Format

Send to

Choose Destination
See comment in PubMed Commons below
J Am Coll Surg. 1998 Dec;187(6):591-6.

Results of a technique of pancreaticojejunostomy that optimizes blood supply to the pancreas.

Author information

1
Department of Surgery, Washington University, St. Louis, MO, USA.

Abstract

BACKGROUND:

Anastomotic failure after pancreaticojejunostomy is still a common problem. Failure rates have not decreased perceptibly in the past 3 decades. The neck of the pancreas is a vascular watershed between celiac and superior mesenteric arterial systems. Prior attempts to reduce anastomotic failure at pancreaticojejunostomy have not focused on issues related to blood supply of the pancreas. The aim of this study was to determine whether pancreaticojejunostomy performed using a technique that included optimization of blood supply to the pancreas, would result in a low anastomotic failure rate.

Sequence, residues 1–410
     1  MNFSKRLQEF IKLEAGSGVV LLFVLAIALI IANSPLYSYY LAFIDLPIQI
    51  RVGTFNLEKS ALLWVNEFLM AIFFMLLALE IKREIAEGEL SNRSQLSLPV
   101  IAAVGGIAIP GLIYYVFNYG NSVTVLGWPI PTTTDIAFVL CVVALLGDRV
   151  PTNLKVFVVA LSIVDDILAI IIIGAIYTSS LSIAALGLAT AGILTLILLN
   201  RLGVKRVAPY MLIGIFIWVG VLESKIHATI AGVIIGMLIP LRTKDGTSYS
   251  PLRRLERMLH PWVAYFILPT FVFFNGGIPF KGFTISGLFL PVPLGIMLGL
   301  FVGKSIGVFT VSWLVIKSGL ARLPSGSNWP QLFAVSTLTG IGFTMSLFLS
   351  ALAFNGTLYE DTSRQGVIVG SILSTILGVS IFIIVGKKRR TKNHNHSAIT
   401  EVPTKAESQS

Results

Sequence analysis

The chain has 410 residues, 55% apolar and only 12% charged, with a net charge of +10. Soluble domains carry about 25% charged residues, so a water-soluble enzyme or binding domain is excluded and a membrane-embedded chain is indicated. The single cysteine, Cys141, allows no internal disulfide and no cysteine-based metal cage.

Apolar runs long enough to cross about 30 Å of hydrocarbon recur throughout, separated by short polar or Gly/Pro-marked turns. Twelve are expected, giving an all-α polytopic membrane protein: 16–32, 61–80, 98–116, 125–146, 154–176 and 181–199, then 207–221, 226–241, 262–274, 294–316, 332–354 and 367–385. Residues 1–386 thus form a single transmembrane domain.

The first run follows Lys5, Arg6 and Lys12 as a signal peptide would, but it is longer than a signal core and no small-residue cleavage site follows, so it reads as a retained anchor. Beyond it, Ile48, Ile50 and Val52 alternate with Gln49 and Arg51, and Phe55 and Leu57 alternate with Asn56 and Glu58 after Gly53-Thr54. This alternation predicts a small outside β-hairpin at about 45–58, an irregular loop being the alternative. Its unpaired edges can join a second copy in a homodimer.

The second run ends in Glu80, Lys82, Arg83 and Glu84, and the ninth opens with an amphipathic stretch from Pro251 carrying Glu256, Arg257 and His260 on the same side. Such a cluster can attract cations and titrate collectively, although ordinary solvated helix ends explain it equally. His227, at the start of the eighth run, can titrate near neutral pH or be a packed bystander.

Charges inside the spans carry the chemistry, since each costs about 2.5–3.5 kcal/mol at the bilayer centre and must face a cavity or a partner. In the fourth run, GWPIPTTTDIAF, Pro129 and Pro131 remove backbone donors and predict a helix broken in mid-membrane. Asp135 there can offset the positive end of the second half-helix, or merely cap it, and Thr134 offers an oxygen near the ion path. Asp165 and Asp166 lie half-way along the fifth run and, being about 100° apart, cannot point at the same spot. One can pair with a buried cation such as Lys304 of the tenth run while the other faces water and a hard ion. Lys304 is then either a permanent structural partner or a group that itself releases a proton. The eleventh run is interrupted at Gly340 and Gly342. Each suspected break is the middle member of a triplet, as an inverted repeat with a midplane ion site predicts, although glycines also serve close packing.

METHODS:

The technique was prospectively evaluated in 40 patients having pancreaticojejunostomy, 39 during pancreaticoduodenectomy and 1 after traumatic transection of the neck of the pancreas. Blood supply to the pancreatic neck was evaluated clinically and by Doppler techniques. When blood supply was considered marginal, the pancreas was re-resected 1.5-2.0 cm to the left, away from the vascular watershed.

RESULTS:

Blood supply at the cut margin of pancreas was judged as brisk in 24 patients and marginal in 16 patients. Resecting a segment of pancreas in these 16 patients resulted in brisk bleeding from the new cut margin in all but 1 patient who had an anomalous artery that had to be sacrificed for oncologic reasons. The only fistula in the series occurred in this patient. There were no intraabdominal abscesses.

CONCLUSIONS:

A technique that includes ensuring adequate blood supply to the pancreas can result in a very low rate of anastomotic failure.

PMID:
9849731
[Indexed for MEDLINE]
PubMed Commons home

PubMed Commons

0 comments
How to join PubMed Commons

    Supplemental Content

    Full text links

    Icon for Elsevier Science
    Loading ...
    Support Center